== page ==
THE HODIGITRIA OF THE RUSSIAN DIASPORA
On the Kursk-Root Icon of the Mother of God
The foundation for the iconographic type, or composition, of the Icon of the Mother of God “of the Sign” are the words of Prophet Isaiah: “Therefore the Lord himself shall give you a sign; Behold, a virgin shall conceive, and bear a son, and shall call his name Immanuel” (Isaiah 7:14).
In the 13th century, the Kursk region, as well as the rest of Russia at the time, was subjected to terrible decimation by the Tatar invasion. The city of Kursk was completely destroyed and grew into a wild, overgrown forest, populated by wild animals. The residents of the city of Ryl’sk, 90 versts (60 miles), who had somehow been spared from a Tatar invasion, would go there to hunt. And it happened that in 1295, on the feast day of the Nativity of the Mother of God, a small troupe of hunters from Ryl’sk arrived at the Tuskor River, 27 versts (18 miles) from Kursk, to hunt. One of them, a pious and honorable man, seeking prey in the woods, found a small icon lying face down at the root of a tree. He had barely lifted the icon from the ground to inspect it, when a strong wellspring of pure water burst forth from the very spot where the icon lay. The icon turned out to be of the Mother of God “of the Sign” type. The hunter realized that this was no ordinary icon. He summoned his fellow hunters, and together they cut down timber and erected a small chapel where they placed the newly-found icon. The people of Ryl’sk, learning of the icon, began to visit it for veneration, and many miracles occurred as a result. Continue reading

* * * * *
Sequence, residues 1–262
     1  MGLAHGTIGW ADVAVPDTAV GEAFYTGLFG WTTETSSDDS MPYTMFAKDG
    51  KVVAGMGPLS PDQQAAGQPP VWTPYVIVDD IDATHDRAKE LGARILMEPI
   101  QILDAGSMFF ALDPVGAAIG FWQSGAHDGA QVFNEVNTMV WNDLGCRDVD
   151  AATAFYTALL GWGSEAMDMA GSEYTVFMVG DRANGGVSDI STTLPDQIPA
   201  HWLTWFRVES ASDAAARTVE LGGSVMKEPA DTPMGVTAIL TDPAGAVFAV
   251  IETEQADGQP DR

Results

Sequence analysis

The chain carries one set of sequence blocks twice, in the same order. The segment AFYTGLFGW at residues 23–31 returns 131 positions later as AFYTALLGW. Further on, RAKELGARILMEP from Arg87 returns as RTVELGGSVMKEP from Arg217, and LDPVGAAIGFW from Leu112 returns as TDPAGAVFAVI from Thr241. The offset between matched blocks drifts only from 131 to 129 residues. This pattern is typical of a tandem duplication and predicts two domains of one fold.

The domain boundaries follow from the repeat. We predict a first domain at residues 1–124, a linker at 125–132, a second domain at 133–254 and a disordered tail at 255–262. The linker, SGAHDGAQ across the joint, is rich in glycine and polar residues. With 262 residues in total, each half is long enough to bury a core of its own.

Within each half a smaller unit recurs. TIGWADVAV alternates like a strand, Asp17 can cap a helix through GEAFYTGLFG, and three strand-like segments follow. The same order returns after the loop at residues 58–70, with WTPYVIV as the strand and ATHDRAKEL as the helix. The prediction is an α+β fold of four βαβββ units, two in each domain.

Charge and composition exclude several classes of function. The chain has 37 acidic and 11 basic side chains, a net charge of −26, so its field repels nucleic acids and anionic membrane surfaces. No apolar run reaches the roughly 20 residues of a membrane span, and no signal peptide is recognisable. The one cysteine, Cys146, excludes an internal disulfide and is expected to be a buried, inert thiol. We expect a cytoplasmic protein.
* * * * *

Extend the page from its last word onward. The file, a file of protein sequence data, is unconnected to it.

At first reading of this verse I thought, “Good grief that, at least, can’t have anything to do with women today.”
I was a new convert to Christianity and making a valiant effort to read the Bible “as if it were true.” St. Paul was hard to swallow, and so were angels—along with fairies and trolls! My grudging acceptance of Christianity was based on honest doubt rather than conviction. No one had proved to me that it was true, but neither could I prove it false. On that flimsy hope I chose to make what Kierkegaard called “a leap of faith over the abyss of the absurd.” It was a desperate act. I was at the end of my rope, at a loss to explain the painful contradiction between my good intentions and the reality of my life. I was no longer able to pretend success as a wife, mother of four, or writer (even though my book had been sold on first submission to a leading publisher). In truth I didn’t even know who I was, although I loudly proclaimed my manifesto as atheist, humanist, and feminist, with strong opinions on most issues. I had spent most of my young life trying to define myself by “proving” I could do anything a man could do, only better. (What man could bear children!) But inside was a black hole and I was about to f all in. Continue reading
By Metropolitan Kallistos Ware
“Why do we need to go to confession? Is it not enough to confess our sins with sincerity in our private prayers each evening, will not God forgive us from the very moment that we confess our sins? Yes, as soon as we turn to God in true repentance He forgives us. God is always more ready to forgive than we to repent. Even the slightest turning of our heart will be blessed by God. Why then are we taught also to go to the sacrament of confession? Continue reading